27 June 2018
Sometimes, it can be incredibly useful to be able to block robots from crawling your site. In this blog, we’re going to explain why, and how you can use a handy robots.txt file to achieve it.
Many savvy web developers block robots from crawling parts of websites that aren’t supposed to be seen by users. They’re also particularly useful when a site is being built, as it’s not ready for indexing yet, so you or your web developer can block all bots until it’s perfect and ready for viewing.
Limiting the number of pages needing to be assessed on your site can be helpful because it saves the bot time. It doesn’t have to view pages that aren’t helpful for ranking, meaning it can go deeper into the useful pages of your site. Bots crawl on a budget, and it’ll work in your favour to save them some time.
You might want to tell bots not to follow routes through your site for lots of different reasons. For example, if you’ve got pages that are for you and your staff only, you don’t need them showing up in search engine rankings as they’re not helpful for your customers. Or, you might want to keep certain images or files out of the rankings, or have some duplicate content you don’t want messing up your SEO. These are all great reasons to block certain pages from being crawled.
Not all websites need to block robots from crawling any parts of the site, so don’t worry if you don’t have one. If all your pages are helpful and you want to rank for them, let the bots be free to index it all.
A robot.txt file on your website will advise bots not to help themselves to your content for indexing. It’s a guideline that all friendly – and lots of unfriendly – bots will see when they first encounter your site. They don’t have to obey it, but good indexing bots from Google and other search engines will.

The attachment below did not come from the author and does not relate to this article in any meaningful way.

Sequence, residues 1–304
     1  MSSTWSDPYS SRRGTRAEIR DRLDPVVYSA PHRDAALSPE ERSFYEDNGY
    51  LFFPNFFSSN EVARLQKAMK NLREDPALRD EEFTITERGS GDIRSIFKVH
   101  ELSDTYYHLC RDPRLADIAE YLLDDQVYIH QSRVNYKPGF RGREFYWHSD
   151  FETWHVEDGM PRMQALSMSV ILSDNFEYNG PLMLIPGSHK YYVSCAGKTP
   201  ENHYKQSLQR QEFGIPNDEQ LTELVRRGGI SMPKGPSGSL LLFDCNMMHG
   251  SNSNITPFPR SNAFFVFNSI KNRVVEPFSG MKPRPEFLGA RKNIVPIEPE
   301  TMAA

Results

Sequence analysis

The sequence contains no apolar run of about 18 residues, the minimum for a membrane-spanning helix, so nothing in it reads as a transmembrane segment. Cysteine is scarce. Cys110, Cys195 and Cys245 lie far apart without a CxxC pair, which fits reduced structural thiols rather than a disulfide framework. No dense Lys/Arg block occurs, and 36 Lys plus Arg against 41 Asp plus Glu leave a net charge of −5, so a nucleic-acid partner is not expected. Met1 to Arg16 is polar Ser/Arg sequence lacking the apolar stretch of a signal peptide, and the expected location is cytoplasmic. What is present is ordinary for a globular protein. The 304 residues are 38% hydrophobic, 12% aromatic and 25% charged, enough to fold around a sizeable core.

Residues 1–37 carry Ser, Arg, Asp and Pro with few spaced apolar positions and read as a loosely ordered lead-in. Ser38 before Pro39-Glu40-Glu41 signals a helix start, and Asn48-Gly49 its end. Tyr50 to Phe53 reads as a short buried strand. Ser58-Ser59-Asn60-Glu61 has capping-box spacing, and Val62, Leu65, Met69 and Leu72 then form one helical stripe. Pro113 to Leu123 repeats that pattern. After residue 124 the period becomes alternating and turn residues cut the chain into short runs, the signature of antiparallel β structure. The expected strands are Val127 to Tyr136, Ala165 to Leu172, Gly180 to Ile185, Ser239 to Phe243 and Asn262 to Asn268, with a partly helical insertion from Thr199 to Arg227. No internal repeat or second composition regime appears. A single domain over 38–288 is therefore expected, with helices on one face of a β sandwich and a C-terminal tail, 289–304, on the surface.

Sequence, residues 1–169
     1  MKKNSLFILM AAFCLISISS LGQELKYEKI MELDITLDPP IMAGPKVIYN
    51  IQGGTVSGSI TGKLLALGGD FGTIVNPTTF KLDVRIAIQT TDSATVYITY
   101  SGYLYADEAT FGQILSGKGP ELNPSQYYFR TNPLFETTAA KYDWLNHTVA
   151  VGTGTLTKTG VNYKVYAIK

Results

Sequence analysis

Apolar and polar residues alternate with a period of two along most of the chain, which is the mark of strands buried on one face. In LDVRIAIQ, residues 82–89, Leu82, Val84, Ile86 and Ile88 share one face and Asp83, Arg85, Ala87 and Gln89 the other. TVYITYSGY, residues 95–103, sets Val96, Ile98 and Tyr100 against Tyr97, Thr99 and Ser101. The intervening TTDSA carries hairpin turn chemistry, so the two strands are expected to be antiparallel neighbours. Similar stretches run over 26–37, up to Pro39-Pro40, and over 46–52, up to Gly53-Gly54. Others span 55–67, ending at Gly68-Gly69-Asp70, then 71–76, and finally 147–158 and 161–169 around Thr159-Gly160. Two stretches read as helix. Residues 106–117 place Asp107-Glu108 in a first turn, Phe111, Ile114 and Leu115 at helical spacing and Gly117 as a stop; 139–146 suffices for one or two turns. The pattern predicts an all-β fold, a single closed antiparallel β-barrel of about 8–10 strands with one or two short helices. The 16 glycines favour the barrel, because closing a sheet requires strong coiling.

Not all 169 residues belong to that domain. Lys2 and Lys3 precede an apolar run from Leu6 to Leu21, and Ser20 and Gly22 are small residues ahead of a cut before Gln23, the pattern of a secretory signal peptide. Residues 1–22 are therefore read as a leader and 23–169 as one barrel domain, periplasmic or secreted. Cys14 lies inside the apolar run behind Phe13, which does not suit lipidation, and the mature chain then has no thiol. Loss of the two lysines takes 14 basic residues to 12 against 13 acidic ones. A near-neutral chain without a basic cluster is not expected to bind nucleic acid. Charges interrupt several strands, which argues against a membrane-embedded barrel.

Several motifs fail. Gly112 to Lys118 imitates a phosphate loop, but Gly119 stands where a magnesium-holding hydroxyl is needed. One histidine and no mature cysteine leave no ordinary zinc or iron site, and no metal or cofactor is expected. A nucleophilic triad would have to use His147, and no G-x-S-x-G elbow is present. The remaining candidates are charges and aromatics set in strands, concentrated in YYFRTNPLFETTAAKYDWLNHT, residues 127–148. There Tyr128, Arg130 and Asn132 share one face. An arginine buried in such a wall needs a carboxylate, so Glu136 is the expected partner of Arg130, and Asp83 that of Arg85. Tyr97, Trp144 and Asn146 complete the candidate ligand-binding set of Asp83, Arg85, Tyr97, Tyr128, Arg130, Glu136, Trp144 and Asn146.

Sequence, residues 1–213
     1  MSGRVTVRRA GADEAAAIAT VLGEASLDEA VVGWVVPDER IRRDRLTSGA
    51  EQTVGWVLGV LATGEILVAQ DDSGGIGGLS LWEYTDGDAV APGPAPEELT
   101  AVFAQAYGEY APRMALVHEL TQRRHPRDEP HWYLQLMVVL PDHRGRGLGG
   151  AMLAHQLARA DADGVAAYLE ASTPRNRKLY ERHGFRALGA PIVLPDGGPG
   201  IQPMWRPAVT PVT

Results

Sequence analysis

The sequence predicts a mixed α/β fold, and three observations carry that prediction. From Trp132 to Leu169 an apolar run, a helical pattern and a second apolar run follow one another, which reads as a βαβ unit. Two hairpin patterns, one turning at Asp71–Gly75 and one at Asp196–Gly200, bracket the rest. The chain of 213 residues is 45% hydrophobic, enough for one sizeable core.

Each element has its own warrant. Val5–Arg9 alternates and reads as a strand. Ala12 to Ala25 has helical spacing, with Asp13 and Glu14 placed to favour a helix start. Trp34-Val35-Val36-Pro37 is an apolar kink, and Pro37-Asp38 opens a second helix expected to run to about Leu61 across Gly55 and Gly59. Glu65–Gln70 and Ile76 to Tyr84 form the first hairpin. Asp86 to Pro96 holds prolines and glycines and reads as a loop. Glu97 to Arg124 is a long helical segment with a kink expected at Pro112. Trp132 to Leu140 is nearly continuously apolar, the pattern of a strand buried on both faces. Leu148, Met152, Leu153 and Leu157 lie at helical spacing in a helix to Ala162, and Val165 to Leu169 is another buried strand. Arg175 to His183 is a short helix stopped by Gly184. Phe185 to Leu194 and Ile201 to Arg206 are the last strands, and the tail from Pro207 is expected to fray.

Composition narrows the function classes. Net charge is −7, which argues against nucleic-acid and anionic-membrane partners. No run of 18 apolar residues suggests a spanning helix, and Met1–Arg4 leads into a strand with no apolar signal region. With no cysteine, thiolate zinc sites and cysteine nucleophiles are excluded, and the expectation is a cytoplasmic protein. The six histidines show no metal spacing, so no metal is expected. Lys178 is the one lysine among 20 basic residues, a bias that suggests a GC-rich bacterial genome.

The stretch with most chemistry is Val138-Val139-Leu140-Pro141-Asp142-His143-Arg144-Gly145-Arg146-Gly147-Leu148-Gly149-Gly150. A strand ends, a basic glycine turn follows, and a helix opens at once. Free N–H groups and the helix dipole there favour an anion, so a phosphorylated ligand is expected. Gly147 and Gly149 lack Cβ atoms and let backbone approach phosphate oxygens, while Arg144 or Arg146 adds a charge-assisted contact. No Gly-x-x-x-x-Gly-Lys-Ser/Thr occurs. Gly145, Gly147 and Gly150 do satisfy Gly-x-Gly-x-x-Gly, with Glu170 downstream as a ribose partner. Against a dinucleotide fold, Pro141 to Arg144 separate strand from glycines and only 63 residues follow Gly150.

Just make sure it’s on your main domain (your homepage) because that’s where bots will look first. If it’s housed elsewhere on your site, it’s probably going to be ignored by all bot traffic on your site.
Specify different rules in your robot.txt file to control which bots can index different parts of your site. You can block them completely, though that’s a bad move for your SEO, or you can use the file to guide the bot to the most useful parts of your website. Alternatively, you can stop them from crawling pages you don’t want users to see.
Here’s a quick example of what a robot.txt file could look like:
The * stands in place of a specific bot. Any bot that comes to your site will know that this instruction is for them. Having nothing specified after “Disallow:” lets them know all your site is to be crawled – nothing is off limits.
This will ask that all bots not crawl anything that’s in your “/database/” folder. Of course, some could if they weren’t of a friendly nature, as these are only guidelines you’re setting out for them.
Here, you’re asking that bots don’t crawl sites beginning with a certain URL. So, if you wanted to keep them out of files like “/example/,” here’s where you’d ask.
If there’s a page you would like to be crawled by helpful bots nestled among ones that you don’t want them crawling, you can use an “allow” exception to let them know there’s a page they can see in that group.
User-agent: spam bot
Have you found you’ve been getting a lot of spam traffic coming through from a certain bot? If so, you can ask it to stop. In the example above, we’ve used “spam bot” as an example, but you can use should use the name of the specific bot that’s bugging you and ask it not to look at anything.
Having the option to block robots from crawling your site can be handy in certain situations. If you’ve got pages you want to keep private, or ones that aren’t ready to be indexed and ranked, you can ask bots not to crawl them. It’s a guide that friendly bots will obey, but other malicious crawlers might push on regardless.
If you’d like to talk about getting some bot blocks in place on your website, let us know – we’d be happy to help. Just get in touch.